While the water comes to a simmer, crack an egg into a ramekin and add a tiny splash of vinegar to the egg. This will help the egg to hold its shape better.
(You’ll find that some people add the vinegar to the water, but my chef friend taught me to add it directly to the egg and it works great.)
Once the water begins to simmer, grab a wooden spoon and stir the water to create a vortex or “whirlpool” in the center. Gently lower the egg into the water in the center of the vortex. The swirl of the water will help wrap the egg white around the yolk.
Cook at a gentle simmer for 3-4 minutes, until the white is set but the yolk is still runny. 3 ½ minutes is my preferred amount of time.
Use a slotted spoon to remove the eggs from the water. You can place the egg on a layer of paper towels to remove any excess water before serving.
Continue poaching your eggs in the simmering water.
With this method, you can poach 2, 3 or even 4 eggs at once depending on the size of your pot – just keep the water swirling and add the eggs one after the other. But I recommend practicing with 1 egg first and then build up your confidence to do multiple eggs at once!
PREPARE AHEAD OF TIME
What if you are hosting a brunch and don’t want to spend all of your time over the stove poaching a dozen eggs?
You can poach the eggs ahead of time and quickly reheat them before serving!
Poach the eggs as instructed, but when you remove them from the pot, drop them into an ice bath.
Refrigerate the eggs until you’re ready to serve them, up to overnight.
When you’re ready to serve, add the eggs into simmering water for 1-2 minutes until heated through.
Tip: Add multiple poached eggs to a metal steamer basket and lower the basket into the simmering water, then lift up the basket when done to reheat several eggs at once!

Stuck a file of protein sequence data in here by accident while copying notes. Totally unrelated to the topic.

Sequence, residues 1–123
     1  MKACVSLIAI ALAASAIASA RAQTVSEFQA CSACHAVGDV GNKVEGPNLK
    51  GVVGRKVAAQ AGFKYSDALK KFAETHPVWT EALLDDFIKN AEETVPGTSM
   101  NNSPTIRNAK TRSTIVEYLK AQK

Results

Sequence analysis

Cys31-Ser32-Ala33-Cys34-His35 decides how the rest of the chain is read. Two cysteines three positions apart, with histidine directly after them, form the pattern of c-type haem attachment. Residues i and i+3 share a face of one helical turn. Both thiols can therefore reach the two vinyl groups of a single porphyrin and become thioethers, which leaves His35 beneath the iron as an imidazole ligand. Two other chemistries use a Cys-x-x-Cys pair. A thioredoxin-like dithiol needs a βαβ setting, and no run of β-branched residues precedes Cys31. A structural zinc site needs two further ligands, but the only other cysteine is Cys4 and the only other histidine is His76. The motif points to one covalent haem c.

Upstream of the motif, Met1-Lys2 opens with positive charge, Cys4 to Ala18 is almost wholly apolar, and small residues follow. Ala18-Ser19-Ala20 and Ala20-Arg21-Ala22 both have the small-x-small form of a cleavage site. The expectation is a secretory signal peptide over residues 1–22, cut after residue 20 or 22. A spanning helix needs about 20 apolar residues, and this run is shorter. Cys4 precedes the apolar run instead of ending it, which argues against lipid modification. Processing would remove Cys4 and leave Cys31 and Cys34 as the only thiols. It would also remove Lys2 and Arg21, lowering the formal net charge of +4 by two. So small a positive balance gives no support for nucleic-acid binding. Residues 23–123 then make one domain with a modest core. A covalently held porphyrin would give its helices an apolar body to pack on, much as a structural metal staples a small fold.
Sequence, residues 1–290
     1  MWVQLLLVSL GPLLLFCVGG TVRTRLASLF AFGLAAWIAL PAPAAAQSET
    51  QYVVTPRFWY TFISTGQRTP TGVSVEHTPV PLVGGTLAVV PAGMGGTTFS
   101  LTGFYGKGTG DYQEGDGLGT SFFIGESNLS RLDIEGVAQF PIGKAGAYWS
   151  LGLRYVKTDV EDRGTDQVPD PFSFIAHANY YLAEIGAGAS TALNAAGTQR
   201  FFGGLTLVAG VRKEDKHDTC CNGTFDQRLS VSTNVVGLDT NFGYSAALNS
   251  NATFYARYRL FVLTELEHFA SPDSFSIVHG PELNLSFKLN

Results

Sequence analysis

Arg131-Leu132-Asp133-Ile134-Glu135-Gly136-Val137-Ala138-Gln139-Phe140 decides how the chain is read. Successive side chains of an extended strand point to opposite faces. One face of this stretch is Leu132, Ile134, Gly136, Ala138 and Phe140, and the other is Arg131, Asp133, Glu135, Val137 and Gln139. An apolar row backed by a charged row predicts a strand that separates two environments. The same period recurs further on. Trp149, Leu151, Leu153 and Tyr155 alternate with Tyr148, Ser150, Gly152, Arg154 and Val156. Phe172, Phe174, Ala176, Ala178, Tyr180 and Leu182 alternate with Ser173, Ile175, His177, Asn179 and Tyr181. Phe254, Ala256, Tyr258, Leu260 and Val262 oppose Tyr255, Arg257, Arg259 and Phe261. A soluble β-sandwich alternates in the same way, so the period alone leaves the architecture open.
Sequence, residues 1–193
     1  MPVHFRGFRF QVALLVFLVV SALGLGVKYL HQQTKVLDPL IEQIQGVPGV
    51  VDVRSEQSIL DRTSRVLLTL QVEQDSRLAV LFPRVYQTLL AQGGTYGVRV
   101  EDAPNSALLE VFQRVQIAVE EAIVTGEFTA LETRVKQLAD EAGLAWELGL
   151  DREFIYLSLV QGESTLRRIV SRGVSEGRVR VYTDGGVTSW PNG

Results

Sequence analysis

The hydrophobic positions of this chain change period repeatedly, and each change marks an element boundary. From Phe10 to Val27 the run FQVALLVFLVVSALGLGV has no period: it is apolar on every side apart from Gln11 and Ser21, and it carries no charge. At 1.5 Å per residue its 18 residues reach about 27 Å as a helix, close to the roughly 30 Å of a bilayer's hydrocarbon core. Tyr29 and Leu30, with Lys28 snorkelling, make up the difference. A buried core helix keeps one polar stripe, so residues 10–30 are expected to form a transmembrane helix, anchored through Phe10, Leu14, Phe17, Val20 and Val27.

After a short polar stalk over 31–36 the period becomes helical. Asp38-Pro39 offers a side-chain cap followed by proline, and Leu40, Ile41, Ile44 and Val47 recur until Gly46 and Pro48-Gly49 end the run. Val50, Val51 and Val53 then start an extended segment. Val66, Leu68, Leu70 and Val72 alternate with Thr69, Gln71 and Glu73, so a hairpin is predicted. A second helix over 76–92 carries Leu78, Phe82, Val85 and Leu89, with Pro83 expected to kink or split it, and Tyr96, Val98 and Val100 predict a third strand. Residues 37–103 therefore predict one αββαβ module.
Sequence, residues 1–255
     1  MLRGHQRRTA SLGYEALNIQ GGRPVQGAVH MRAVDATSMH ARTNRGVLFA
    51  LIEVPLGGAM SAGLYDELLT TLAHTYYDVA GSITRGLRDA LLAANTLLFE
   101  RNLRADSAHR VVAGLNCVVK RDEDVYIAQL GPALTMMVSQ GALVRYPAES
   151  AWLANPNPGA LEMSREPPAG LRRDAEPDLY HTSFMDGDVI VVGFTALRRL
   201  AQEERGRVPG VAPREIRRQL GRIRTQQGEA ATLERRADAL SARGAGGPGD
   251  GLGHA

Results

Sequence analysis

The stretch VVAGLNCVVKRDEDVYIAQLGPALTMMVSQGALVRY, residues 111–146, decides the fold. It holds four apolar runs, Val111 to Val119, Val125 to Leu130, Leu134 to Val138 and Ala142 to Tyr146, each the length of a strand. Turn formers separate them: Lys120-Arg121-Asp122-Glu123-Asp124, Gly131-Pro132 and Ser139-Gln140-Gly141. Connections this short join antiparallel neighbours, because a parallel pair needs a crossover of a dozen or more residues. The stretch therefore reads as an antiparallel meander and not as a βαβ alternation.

Like I said above, eggs benedict is probably one of the most famous ways to serve poached eggs, but it’s not the only way!
Try serving your poached eggs on top of avocado toast or over steamed asparagus. Add on top of a piece of buttered sourdough toast.
Serve them alongside a bed of crispy potatoes or creamy grits. Basically anywhere you would enjoy a runny egg, you can enjoy a poached egg!
How to Poach Eggs
- Pot filled with 2 inches of water
- Slotted spoon
- 1 large egg
- Splash of white or apple cider vinegar
- Bring a pot filled with about 2 inches of water to a simmer.
- Crack an egg into a ramekin. Add a splash of white vinegar or apple cider vinegar.
- Once the water begins to simmer, use a wooden spoon to stir the water, creating a bit of a “whirlpool” in the center of the water. Gently lower the egg into the water; the swirling water will help to nest the egg white around the yolk.
- Simmer for 3-4 minutes, until the white is set and the yolk is still runny.
- Remove from the water with a slotted spoon. Place on a layer of paper towels to remove the excess water; serve immediately.
- If not serving immediately, place the eggs in an ice bath immediately upon removing from the pot. Refrigerate for up to overnight; reheat briefly in simmering water (about 1-2 minutes) before serving.